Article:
AnswerWe can begin to plant summer bedding plants, from Angelonia to zinnias.  If your winter annuals are still spectacular, wait a bit, or start interspersing the new with the old. You can safely plant warm season vegetables, including tomatoes and peppers mid month. Keep an eye on the weather forecast, just in case you do need to cover them.  Corn and green beans can be planted now as well.  We are harvesting winter vegetables, including greens, lettuce, English and sugar snap peas, broccoli and spinach.  If you didn’t plant an early garden, the farmers markets are all about to get started later this month. When your lawn has totally greened up (with grass, not weeds) then that is the time to fertilize for the first time.  A slow release, high nitrogen fertilizer is best.  Houseplants and tropical plants can start their trek outdoors.  Remember to gradually expose them to sunlight, so they don’t sunburn if they have been inside your house all winter.  Cut back the tropical flowering plants by at least 1/3; repot and begin fertilizing.  By now, all plants should have started growing in your garden.  Assess the damage that last summer took.  If you need to replant, there are plenty of options at garden centers now.   If you need to replace some azaleas, or simply want to add to your collection, and you want a specific color, buy them in bloom so you are guaranteed the color you are looking for.  Start watching for insects and diseases.  The mild winter has everything getting started early.  The sooner you can catch a problem, and properly identify it, the sooner you can get it under control.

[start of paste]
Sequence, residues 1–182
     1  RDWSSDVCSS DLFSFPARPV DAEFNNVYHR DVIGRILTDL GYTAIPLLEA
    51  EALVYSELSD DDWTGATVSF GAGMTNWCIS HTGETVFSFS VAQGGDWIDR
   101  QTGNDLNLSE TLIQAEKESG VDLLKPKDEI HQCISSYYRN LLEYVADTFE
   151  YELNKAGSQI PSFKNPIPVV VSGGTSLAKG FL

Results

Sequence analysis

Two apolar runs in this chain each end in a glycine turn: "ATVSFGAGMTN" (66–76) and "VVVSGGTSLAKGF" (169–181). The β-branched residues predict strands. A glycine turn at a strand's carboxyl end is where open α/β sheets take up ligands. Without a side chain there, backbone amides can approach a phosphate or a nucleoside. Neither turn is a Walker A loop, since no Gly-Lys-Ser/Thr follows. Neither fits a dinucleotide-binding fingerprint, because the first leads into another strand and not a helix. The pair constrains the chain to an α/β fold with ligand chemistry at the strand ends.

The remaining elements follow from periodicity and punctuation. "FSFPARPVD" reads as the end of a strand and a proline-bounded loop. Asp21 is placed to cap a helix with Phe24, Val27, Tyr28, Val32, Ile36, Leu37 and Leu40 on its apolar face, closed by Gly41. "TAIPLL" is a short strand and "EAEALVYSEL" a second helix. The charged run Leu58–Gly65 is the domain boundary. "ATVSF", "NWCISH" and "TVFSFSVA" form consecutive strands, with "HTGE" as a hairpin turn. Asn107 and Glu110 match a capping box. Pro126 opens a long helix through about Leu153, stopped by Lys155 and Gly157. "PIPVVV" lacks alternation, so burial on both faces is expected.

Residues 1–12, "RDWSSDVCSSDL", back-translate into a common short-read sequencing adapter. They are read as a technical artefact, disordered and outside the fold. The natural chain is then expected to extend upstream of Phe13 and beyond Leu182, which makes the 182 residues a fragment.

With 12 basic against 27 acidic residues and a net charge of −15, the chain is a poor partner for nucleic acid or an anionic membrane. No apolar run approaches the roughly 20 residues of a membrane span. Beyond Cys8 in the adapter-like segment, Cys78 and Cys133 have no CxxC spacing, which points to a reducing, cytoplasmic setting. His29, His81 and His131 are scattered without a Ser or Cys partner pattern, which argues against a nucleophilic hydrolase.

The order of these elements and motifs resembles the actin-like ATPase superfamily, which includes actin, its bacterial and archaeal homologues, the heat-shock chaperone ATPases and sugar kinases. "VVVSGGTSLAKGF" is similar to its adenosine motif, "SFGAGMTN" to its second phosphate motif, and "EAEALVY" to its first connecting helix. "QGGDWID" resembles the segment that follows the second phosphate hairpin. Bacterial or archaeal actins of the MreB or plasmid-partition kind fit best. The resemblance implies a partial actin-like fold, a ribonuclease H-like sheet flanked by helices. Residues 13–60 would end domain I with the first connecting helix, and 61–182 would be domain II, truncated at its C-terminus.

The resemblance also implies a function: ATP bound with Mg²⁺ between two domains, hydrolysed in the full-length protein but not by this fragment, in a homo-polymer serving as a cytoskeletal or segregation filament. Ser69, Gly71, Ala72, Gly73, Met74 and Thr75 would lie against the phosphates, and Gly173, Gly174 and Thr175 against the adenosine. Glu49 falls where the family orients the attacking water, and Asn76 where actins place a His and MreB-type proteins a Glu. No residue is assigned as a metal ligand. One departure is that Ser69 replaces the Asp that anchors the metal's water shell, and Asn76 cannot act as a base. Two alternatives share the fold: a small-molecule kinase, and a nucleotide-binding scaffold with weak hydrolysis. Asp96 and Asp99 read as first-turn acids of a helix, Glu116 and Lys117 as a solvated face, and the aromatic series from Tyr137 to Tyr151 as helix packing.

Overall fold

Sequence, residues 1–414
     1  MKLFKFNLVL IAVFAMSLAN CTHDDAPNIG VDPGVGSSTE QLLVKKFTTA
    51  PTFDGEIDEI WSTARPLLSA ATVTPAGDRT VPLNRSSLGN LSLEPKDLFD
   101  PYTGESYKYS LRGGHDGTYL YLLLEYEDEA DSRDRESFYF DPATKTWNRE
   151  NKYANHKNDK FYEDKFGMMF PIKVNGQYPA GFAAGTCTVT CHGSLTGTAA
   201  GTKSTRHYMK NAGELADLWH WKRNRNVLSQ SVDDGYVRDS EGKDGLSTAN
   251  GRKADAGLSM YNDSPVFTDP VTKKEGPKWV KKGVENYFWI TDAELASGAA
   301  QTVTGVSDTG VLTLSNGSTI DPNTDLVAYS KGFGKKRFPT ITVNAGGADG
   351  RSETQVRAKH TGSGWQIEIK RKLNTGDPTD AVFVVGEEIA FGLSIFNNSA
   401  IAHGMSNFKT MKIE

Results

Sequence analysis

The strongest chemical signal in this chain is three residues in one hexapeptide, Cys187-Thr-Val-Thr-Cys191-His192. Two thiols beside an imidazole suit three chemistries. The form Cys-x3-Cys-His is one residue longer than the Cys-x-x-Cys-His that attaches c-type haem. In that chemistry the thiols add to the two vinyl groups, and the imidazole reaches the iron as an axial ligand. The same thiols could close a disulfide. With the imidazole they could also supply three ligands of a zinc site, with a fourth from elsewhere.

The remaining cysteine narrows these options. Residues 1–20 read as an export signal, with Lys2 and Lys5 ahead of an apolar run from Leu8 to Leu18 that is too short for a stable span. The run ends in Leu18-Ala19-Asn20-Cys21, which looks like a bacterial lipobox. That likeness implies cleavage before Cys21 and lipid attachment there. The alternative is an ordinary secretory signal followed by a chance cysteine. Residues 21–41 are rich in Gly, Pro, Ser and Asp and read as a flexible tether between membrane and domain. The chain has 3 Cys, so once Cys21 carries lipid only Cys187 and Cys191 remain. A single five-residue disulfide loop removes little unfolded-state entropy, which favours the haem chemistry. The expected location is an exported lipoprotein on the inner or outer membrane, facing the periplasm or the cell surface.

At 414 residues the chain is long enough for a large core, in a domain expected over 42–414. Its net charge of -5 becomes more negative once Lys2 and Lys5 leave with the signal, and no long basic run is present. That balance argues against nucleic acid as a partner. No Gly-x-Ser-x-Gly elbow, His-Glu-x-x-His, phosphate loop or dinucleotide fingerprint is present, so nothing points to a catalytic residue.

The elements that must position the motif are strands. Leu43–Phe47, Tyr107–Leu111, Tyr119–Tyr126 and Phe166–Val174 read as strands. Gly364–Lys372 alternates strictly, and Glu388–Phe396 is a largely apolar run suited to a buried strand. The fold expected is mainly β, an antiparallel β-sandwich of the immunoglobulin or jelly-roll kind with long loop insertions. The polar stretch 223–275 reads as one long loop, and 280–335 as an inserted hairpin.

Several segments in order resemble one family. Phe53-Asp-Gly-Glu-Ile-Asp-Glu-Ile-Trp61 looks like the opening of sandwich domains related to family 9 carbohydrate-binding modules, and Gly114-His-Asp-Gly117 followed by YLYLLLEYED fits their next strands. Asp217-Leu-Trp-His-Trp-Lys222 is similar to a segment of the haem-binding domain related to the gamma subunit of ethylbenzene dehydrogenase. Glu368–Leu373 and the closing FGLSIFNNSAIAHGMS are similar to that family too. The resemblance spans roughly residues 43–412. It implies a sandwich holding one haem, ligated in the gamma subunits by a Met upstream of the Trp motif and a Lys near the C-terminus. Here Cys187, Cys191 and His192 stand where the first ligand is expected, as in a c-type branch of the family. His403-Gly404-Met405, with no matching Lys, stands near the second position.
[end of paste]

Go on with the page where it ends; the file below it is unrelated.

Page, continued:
(March 2010)

QuestionI have a neighbor that needs some help with her nine window boxes.    Her window boxes are 36" long, 7 1/2 " wide and 6 " deep, and they have a nice layer of moss all around, and no plastic liner.   There are 4 on the first floor and 5 on the second.  They get some morning sun, the 4 on the right more - maybe 4 hours, and the 5 on the left maybe 2-3 hours.   Watering is not a problem, but her house is a dark red.  Light pinks, yellows, white and any shade of green, especially the silver ones would look good.  She would like a cascading effect on the top 5 as they are so high up.  Would perennials work? That way she wouldn’t have to replant every year.  Any suggestions you have would be wonderful.